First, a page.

Coffee Shops: The Next Work Space?
The evolution of the internet and jobs that can be done anywhere, provided you can get online, means that we’re able to be much more flexible in our working patterns nowadays. While not every company has embraced the idea of flexible working, more and more employers are seeing the benefits it can bring.
Among them is improved productivity, with some staff thriving when working from home. Of course, that doesn’t work for everyone, with others wanting the buzz of an office environment.
But coffee shops are increasingly being used as informal work spaces by those who freelance or work from home.
Writing for The Drum, co-founding director at SteadyGo Jason Miller revealed that he loves working in coffee shops. He explained that working from home doesn’t work for him, as he finds it too quiet. However, he admits that the office can be too distracting when he needs to concentrate on a particular project.
But this is where coffee shops work particularly well, because there’s a lot going on around him, creating a buzz, but none of it directly impacts him, so he’s able to concentrate on his own work.
“Sitting there surrounded by a cross-section of society who are going about their business, catching up with friends, […] is such a stimulating experience that you can’t help but do your best work,” Mr Miller asserted.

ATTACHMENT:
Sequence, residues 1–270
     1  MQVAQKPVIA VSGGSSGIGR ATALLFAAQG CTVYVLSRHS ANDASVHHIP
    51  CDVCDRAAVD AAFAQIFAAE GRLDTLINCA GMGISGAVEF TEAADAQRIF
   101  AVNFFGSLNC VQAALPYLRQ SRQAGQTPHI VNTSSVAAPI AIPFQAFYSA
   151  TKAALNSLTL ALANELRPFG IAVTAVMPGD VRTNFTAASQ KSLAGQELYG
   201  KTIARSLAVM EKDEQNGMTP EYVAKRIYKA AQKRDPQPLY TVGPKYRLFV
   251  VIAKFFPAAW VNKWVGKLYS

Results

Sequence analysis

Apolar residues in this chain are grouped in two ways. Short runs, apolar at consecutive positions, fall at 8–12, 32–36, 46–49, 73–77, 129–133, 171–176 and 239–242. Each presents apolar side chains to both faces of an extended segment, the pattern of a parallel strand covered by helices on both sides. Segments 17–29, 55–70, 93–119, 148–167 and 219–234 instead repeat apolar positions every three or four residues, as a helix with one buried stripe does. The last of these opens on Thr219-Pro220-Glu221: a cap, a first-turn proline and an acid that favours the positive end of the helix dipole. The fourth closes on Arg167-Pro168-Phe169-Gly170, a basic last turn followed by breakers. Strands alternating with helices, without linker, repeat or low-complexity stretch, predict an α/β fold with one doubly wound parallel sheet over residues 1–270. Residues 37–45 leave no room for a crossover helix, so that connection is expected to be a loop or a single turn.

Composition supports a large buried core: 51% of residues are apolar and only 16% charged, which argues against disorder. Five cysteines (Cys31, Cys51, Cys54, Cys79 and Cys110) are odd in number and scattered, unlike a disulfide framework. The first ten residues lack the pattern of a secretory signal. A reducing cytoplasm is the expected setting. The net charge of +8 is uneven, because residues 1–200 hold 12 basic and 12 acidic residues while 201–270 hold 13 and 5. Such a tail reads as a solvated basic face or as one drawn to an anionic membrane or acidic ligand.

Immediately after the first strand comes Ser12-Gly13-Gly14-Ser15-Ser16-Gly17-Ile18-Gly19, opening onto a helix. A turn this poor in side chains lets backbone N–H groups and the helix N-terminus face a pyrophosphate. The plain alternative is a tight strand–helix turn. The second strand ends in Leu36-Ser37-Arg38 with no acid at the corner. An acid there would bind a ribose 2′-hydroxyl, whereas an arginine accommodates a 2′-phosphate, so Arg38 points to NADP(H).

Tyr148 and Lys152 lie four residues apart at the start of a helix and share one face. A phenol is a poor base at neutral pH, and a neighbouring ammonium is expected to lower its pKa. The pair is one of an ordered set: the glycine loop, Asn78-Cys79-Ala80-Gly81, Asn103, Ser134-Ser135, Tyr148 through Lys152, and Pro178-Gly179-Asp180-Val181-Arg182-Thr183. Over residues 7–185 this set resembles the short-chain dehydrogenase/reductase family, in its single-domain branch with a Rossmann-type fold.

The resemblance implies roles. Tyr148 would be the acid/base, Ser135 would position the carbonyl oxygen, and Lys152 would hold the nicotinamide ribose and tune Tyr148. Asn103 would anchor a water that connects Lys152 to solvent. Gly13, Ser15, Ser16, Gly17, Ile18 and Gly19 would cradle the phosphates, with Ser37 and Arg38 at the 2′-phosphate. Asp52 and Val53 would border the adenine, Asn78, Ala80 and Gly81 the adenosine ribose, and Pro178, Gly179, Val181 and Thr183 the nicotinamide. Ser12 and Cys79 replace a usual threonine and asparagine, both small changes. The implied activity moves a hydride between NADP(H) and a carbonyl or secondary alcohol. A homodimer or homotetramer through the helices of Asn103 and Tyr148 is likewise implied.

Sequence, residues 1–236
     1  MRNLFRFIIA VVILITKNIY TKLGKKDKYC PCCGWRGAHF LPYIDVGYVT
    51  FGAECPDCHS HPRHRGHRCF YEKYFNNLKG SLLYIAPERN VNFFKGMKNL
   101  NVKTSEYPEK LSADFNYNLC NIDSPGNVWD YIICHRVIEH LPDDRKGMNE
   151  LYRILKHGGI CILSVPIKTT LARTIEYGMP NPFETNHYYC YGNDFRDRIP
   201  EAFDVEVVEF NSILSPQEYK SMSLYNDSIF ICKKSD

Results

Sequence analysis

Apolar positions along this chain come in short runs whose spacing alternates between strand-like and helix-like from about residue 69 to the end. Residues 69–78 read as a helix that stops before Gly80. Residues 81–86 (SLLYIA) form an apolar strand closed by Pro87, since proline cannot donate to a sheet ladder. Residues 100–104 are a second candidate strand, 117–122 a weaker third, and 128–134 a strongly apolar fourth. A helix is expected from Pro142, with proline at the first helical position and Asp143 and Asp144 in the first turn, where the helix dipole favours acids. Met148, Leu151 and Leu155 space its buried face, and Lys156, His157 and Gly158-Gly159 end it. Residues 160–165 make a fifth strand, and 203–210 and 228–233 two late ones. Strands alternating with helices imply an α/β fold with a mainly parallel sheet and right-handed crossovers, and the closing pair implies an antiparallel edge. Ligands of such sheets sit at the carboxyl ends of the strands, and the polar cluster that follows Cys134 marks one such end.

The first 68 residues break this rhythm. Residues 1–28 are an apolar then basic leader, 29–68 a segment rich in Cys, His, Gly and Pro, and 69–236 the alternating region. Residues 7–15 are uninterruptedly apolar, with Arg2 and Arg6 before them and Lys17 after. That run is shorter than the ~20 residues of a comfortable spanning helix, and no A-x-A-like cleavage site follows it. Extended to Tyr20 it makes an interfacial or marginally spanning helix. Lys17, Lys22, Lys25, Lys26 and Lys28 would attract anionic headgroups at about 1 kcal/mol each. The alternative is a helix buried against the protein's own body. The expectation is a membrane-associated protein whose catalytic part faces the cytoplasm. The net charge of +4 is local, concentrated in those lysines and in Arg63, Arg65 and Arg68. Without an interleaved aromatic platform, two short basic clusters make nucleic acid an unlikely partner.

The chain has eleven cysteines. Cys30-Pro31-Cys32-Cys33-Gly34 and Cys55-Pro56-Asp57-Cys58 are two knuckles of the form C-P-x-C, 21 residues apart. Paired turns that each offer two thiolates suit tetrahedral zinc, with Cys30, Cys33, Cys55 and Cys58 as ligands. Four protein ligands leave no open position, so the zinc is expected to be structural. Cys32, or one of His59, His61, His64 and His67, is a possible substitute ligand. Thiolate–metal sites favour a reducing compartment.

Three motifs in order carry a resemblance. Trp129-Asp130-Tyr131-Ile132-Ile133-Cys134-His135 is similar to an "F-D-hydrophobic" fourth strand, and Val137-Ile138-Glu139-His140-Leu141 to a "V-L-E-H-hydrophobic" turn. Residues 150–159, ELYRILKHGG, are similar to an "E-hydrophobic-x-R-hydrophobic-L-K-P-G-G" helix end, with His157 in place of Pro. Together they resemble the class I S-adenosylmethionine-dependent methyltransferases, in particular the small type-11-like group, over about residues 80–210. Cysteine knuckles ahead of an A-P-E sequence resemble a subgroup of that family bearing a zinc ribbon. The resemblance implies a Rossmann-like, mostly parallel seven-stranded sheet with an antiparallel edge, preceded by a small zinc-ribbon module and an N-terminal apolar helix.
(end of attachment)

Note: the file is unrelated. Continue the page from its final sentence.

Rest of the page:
It seems that he’s not alone in finding coffee shops the perfect working environment. The Reader’s Digest recently made similar observations about the popularity of cafes for those seeking an alternative workspace.
The publication pointed to a study conducted at the University of British Columbia, which determined that a moderate amount of background noise can make you more productive than silence.
This is particularly the case when it comes to being creative. According to the research, which focused on people carrying out word associations and product brainstorms, the optimum level of background noise is 70 decibels – very similar to that generated by a busy coffee shop.
Having that gentle noise in the background allows you to approach problems from “a more creative, abstract position”. However, loud noises, or those that result in a feeling of annoyance, will break your focus and have a negative impact on your productivity.
Aside from the background noise and buzz of the coffee shop to help stimulate your creativity, you’ve also got the coffee. Mr Miller pointed out that having a strong coffee also helps get work flowing, as it wakes you up and makes you focus.
If you run a coffee shop, there are a few things you may want to consider if you’re hoping to attract a crowd of home workers to your space. Firstly is the noise levels – achieving a healthy buzz without being overly loud is key for people’s productivity – and secondly serving excellent private label coffee to keep customers coming back for their caffeine hit.
Offering free WiFi to customers is obviously essential, and you may want to consider having an area set aside for those who are working, where they can access power points too.